Last week, I posted the first Savage Minds Occasioal Paper (hereafter, “SMOP”) featuring Alfred Kroeber’s article “The Superorganic”. This week I bring you the second occasional paper, “Responses to ‘the superorganic'”, which features Sapir and Goldenweiser’s response to Kroeber. You can find it here:
The responses have been edited for brevity, concision, and clarity. In a few cases I have altered verbs and nouns for agreement when editing the text caused them to disagree. These are indicated with brackets. The goal has been to respect the author’s stylistic choices while presenting a slimmed-down version which can be taught in a single session in an undergraduate or graduate theory course.
I hope that this paper, like the others in this series, will help present early anthropological theory in a form that is accessible to everyone. There is today a tremendous amount of material which is open access, but is difficult to find, inconvenient to read, and many people do not know where to start. By curating a selection of important open access work, I hope to make open access resources better known and to raise awareness of the actual history of anthropological theory.
Alexander Goldenweiser earned his Ph.D. from Boas in 1910, with a Ph.D. on totemism. Goldenweiser was the most philosophical of the Boasians, and is best remembered for his theoretical work. His response to Kroeber reflects this theoretical outlook. He engages with Kroeber on two main issues: the nature of civilizational determinism, and the role of the individual in influencing culture.
First, Goldenweiser argues that Kroeber is committed to ‘civilizational determinism’, that idea that the actions of individuals are shaped by their civilization, or culture. It is true, said Goldenweiser, that all civilizations are determined, in the sense that everything in the universe has a cause. But if we decide to focus on the history of a single civilization, then we our analysis will necessarily overlook a variety of factors which we have chosen not to study, and yet which still shape the action of individuals and the development of civilizations. There is nothing wrong with choosing an analytic emphasis — everyone does it — but we should not, Goldenweiser argues, assume that because we are only studying one kind of cause, one kind of cause must be at work in any given situation. Goldenweiser was preoccpied with this dilemma: as anthropologists, we must focus on only part of reality, since reality is too complex for us to understand or study it all. And yet at the same time, the events that we study will always be affected by causes which we have chosen to ignore. How to avoid this paradox became a major part of Goldenweiser’s thought.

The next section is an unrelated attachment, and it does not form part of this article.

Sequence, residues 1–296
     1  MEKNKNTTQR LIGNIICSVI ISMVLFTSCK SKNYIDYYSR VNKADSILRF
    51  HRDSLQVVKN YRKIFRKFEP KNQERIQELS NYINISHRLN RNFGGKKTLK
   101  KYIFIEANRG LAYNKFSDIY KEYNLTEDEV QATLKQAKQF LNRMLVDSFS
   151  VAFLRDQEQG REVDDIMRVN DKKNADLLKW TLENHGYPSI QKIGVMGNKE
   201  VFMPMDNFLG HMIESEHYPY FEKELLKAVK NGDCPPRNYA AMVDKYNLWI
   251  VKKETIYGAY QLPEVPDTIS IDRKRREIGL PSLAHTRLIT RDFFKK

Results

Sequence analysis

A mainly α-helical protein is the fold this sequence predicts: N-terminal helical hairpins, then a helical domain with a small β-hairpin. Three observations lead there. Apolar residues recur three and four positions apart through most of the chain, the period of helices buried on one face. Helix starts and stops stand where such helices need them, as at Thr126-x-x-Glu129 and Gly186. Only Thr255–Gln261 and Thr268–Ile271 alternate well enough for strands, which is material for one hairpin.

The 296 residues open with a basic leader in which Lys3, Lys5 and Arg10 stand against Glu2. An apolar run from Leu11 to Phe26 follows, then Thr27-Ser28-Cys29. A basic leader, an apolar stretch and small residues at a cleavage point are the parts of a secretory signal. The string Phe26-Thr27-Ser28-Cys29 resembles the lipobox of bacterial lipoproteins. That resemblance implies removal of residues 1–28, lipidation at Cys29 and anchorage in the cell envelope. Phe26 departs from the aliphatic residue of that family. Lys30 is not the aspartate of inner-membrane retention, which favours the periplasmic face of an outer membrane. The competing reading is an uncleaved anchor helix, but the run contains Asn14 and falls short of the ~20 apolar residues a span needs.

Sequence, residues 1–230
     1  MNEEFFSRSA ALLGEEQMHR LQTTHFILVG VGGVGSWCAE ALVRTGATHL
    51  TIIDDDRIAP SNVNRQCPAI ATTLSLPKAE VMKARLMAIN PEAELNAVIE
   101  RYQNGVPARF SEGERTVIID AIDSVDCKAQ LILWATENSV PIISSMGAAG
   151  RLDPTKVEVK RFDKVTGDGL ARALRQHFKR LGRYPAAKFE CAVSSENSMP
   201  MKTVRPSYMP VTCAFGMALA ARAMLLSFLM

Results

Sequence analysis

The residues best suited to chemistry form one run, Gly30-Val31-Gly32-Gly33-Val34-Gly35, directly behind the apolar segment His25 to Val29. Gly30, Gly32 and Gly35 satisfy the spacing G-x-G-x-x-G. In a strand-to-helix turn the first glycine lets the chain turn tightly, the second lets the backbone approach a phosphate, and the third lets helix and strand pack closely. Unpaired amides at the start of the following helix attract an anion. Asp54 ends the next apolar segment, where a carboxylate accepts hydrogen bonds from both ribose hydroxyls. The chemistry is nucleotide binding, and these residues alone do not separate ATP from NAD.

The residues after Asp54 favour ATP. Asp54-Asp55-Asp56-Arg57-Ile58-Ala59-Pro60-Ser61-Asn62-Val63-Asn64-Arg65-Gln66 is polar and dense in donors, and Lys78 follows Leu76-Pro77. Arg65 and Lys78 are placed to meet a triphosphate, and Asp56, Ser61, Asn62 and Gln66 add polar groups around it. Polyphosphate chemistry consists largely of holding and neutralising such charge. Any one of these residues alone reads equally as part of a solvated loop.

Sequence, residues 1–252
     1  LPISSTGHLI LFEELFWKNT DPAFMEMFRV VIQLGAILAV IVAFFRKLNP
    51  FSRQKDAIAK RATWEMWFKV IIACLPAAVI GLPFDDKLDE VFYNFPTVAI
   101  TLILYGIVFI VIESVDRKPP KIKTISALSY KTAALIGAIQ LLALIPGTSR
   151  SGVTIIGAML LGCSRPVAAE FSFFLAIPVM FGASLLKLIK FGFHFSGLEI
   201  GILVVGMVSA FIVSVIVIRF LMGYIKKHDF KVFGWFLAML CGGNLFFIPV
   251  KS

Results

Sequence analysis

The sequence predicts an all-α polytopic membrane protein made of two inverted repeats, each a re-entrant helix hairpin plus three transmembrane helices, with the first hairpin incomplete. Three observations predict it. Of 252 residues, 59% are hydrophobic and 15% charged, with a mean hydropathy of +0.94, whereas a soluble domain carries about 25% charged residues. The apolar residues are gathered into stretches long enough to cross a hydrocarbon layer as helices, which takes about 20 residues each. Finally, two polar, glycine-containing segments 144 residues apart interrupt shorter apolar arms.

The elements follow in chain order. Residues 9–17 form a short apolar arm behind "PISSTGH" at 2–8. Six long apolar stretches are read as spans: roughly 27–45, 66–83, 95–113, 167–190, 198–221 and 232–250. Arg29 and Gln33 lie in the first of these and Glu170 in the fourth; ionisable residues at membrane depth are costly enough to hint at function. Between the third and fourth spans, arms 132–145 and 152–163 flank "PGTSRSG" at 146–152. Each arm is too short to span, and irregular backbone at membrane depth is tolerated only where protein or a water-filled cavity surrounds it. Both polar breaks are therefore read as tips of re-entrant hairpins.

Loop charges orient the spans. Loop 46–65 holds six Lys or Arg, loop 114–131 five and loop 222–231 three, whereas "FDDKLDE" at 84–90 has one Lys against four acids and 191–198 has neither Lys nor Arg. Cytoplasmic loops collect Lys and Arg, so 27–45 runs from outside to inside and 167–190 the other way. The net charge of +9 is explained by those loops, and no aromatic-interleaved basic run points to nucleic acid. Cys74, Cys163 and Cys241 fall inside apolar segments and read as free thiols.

This concern with the impossibly rich nature of reality also manifests itself in Goldenweiser’s second issue with Kroeber, regarding the nature of the individual. Individuals are not merely the products of their civilization, they are ‘concrete’ and ‘historical’. Their lives have been shaped by the unique set of factors at play in the historical moment in which they lived. When an individual makes an innovation, they thus inevitably inject some of their particularity into the civilizational stream. It cannot be, then, that culture is immune to influences from other sorts of causal forces.